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The Parent Test – Part 12: Life in El Yermo

By Teresa Dovalpage
For The Taos News
Posted 1/9/19

Tandra meets a mutant for the first time. Friendly, chatty and gender-ambiguous, Pisces has three arms and only one eye. Despite the language barrier, they are able to communicate.

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Column

The Parent Test – Part 12: Life in El Yermo

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Summary: After Tandra, who is pregnant, destroys a robot assigned to her for the parent test, she and her friend Uki flee in a helicar to El Yermo. They hope to join a new colony called El Yermo established outside the city limits by a group of dissenters.

Tandra meets a mutant for the first time. Friendly, chatty and gender-ambiguous, Pisces has three arms and only one eye. Despite the language barrier, they are able to communicate.

By the time the stew was ready, Tandra had understood, thanks to Pisces' expressive gestures and the few words she knew, like sky and star, that the mutant was talking about a celestial body. A star (or maybe a comet, she couldn't tell) was expected to be visible in about 12 weeks, and the sighting would coincide with la Navidad. The mutants, it seemed, would be welcoming it with certain ceremonies whose meaning escaped Tandra.

But had Pisces actually said "12 weeks"? Tandra hoped not, because in three months, give or take a few days, she would be giving birth. She didn't want any interference, whether heavenly or earthbound, with the most important event in her life. She pointed to her belly.

"Twelve weeks," she said.

Pisces nodded enthusiastically. There was a happy twinkle in the only eye. Tandra didn't need an interpreter to understand what the mutant meant. "That's good, so good!"

She didn't agree but didn't dare to voice her opinion. She'd have to find out more before opening her big mouth, she thought.

Later that day, when Tandra finally got hold of Uki, her friend confirmed that the mutants had their own belief system, which included, as she put it, "star worship."

"They are building a special area to honor the constellations or something like that," she said casually. "It's a big deal for them."

Tandra nodded. "Yes, I got that impression from Pisces."

"You talked to a mutant already!" Uki exclaimed, surprised.

"Well, I didn't have much choice."

"I'm proud of you."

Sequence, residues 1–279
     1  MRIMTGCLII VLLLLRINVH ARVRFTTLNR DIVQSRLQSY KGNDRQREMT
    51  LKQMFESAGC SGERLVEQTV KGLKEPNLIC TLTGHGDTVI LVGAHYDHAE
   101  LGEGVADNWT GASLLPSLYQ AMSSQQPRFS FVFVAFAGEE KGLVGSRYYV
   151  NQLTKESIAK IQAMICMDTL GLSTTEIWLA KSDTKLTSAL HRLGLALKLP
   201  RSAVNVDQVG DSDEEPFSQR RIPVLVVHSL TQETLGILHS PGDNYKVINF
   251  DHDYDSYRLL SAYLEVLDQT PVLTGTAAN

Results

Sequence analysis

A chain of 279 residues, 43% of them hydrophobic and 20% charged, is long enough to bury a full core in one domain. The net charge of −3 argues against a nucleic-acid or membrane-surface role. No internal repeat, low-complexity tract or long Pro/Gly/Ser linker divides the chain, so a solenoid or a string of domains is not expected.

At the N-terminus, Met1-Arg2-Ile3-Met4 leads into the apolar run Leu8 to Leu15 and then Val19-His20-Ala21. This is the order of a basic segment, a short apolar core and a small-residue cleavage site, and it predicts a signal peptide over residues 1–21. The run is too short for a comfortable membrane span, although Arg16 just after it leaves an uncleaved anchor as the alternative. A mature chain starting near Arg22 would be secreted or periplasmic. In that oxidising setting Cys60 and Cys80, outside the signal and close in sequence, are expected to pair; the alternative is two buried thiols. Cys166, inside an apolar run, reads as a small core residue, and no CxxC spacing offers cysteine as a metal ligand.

Uki patted Tandra's belly gently.

"You'll get used to El Yermo in no time at all," she said. "Just don't pay much attention to what the mutants say, OK? They are cool but a little weird. We know the stars are just masses of gas and plasma that have no influence in our lives, right? But these folks have lived in isolation for so many years that they have come up with some crazy ideas, like the stars are sacred."

"How do you know that?" Tandra asked. "Have you talked to them?"

"No. Oso told me," Uki winked. "He gave me a crash course on El Yermo history yesterday. We had a conversation … a night-long conversation."

"Did you hook up with him already?" Tandra threw her arms up in mock indignation. "You don't waste time, do you?"

Uki puckered her lips and said, "I have it like that, girl."

Days passed and turned into weeks. Weeks turned into months and, as Uki had predicted, Tandra got used to life in the colony. She helped as much as possible in the kitchen, learning how to make new dishes with fresh ingredients, which she enjoyed more than any other task. Many varieties of plants and herbs grew in small patches in the colony and around it, and nothing appeared to be affected by radiation. El Yermo, she realized, wasn't really a wasteland, it just needed to be reclaimed and farmed.

She often hung out with Pisces, who turned out to be one of the few mutants who liked to associate with the colonists. Most of them kept their distance and were, if not unfriendly, at least guarded. But Pisces loved to talk.

It didn't take Tandra long to learn the basics of their language. After all, it had evolved from the one she spoke. Soon she discovered that they weren't star worshipers, as Uki had thought. They were waiting for one particular star. They didn't plan to do any kind of ceremony but had built what looked like a long runway for the "star" to land. When Pisces showed it to her, Tandra immediately thought of a spaceship.

"Remember what we talked about aliens?" she told Uki. "I think the mutants are trying to contact them. Or might have already!"

But Uki was too busy with what she called jokingly "the responsibilities of a socialite in El Yermo" to pay attention to what the mutants were up to.

"Aliens ni aliens," she said dismissively. "If that were true, the boroughs' surveillance systems would have detected them. They have super advanced radars, sonars and what not."

"Maybe the aliens are more 'super advanced' than they are."

"Nonsense."

During the last two weeks of Tandra's pregnancy, a mutant midwife (she assumed it was a midwife, though she had no way to know for sure) came to take care of her. She had three arms, like Pisces, but two eyes that were kind and blue. Tandra had been moved from the space she had once shared with Uki to a private room with a big comfortable bed instead of a bunk bed.

The only thing that worried her, with her delivery date nearing, was news of the boroughs' renewed hostility toward the colony. As more people kept coming in, asking to join them (20 in less than two months), the authorities grew more and more concerned. The colonists were not only "a bad example" but living proof that El Yermo wasn't the dangerous, barren, radiation-filled land they had once claimed it was.

The Spanish version of this story is here.

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